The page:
Odsonne Édouard cancels out West Ham’s early lead against Crystal Palace

<span>Photograph: Zac Goodwin/PA</span>
Photograph: Zac Goodwin/PA

There are some games in which, you suspect, the two managers could have shaken hands on a draw before kick-off and nobody would much have minded.

From the moment Odsonne Édouard levelled eight minutes after half-time, this felt sure to finish level, and all that was left was to go through the motions so as to fulfil the contract to provide 90 minutes for the Sky cameras. The growing number of empty seats on a dank, raw afternoon in east London suggested few who had paid for tickets felt a similar obligation.

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The two oldest managers in the league spent most of the second half standing almost motionless on the edge of their technical areas, hands thrust in pockets looking vaguely disgruntled, as though they were just counting down the seconds till they could drift off for a mug of cocoa and an episode of Matlock. Not until the 82nd minute did either manager make a change, Roy Hodgson blinking first and bringing on Jaïro Riedewald, eternal king of the bench, for Will Hughes.

“It was a tough game for us,” David Moyes said. “A tight, tight Premier League game. We couldn’t play with enough personality, get the atmosphere going. We were down and couldn’t get the thing lifted.”

West Ham had taken a 13th‑minute lead with a goal of misleading quality, James Ward-Prowse sweeping a cross‑field pass to Vladimir Coufal, whose first-time cross found Mohammed Kudus. His shot took a nick off Marc Guéhi on its way past Johnstone. But David Moyes, despite having three attacking midfielders and two centre-forwards on the bench, and despite the fact West Ham had returned from Serbia on Friday and looked weary, did not make a single change until the 88th minute when Pablo Fornals was belatedly introduced. Finally, there was some urgency, and Jarrod Bowen might have won it, but headed straight at Sam Johnstone from six yards out.

It was probably Hodgson who was happier with the point, if only to stop a run of recent defeats. It would be an exaggeration to suggest he had been under pressure, but with this result Palace have now won just once in their past seven games. The gap to the bottom three remains at nine points but a defeat against Bournemouth on Wednesday, particularly with Liverpool and Manchester City next up, could start to induce twitchiness.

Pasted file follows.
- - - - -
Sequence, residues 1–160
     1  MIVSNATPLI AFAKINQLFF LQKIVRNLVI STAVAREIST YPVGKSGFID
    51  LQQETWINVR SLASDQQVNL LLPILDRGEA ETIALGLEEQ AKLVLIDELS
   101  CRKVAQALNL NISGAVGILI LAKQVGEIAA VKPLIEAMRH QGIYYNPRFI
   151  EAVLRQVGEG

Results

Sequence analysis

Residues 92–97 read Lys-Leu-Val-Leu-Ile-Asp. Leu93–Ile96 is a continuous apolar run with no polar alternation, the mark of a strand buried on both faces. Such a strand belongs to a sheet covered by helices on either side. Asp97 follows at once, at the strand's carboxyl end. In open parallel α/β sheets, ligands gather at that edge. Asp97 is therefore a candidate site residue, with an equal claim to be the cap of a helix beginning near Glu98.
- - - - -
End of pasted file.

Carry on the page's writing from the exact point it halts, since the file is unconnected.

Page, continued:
“For a large period I was quite pleased with the way we were defending and attacking,” he said. “Then you have to go through the anxious moments of last five minutes of normal time and five minutes of added time. We’ve just lost two games to late goals. I could have done without that last 10 minutes. Had we lost to another late goal it could have had massive consequences for the team’s confidence.”

Mohammed Kudus scores the opener for West Ham
Mohammed Kudus scores the opener for West Ham. Photograph: Tony Obrien/Reuters

Palace generally feel like a club in a search of a purpose. This is their 11th successive season in the Premier League, in which time they have been consistently lower mid-table. The two attempts to break the mould and inject something more progressive or exotic – Frank De Boer and Patrick Vieira, the latter having shown rather more promise than the former – have faltered and, while Hodgson saved them last season and has never been less than solid, it is hard to imagine anything other than more of the same as long he remains.

But then what else can they be? Palace have the 11th-highest wage bill in the Premier League, so 11th is their natural level. Life for them is plugging away, almost certainly doing enough to survive, occasionally achieving a notable result – such as winning at Manchester United this season – and occasionally producing a gifted young player, to whom fans can never wholly give their hearts because they know that by their early 20s they will be off to clubs with a more realistic prospect of playing regularly in European competition.

Only the three promoted sides went into the weekend having scored fewer goals than Palace, although there is some mitigation in that, after the departure of Wilfried Zaha, injuries have meant Hodgson has been able to start Michael Olise and Eberechi Eze together only once this season and that lasted just 49 minutes before Eze was forced off with an ankle injury. They did not look much like scoring here, set-plays their only real threat.

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When they did score, the sixth goal West Ham have conceded in the first 15 minutes of the second half since the beginning of October, it was gifted them by Konstantinos Mavropanos. “From our point of view, it was terrible,” said Moyes, who admitted he was concerned by the habit of conceding just after half-time but seemed at a loss to explain it. “We’re not going in and eating a pie and coming out and feeling rubbish,” he said.

Édouard took the opportunity almost apologetically, squeezing it just inside the far post at a pace in keeping with the general torpor.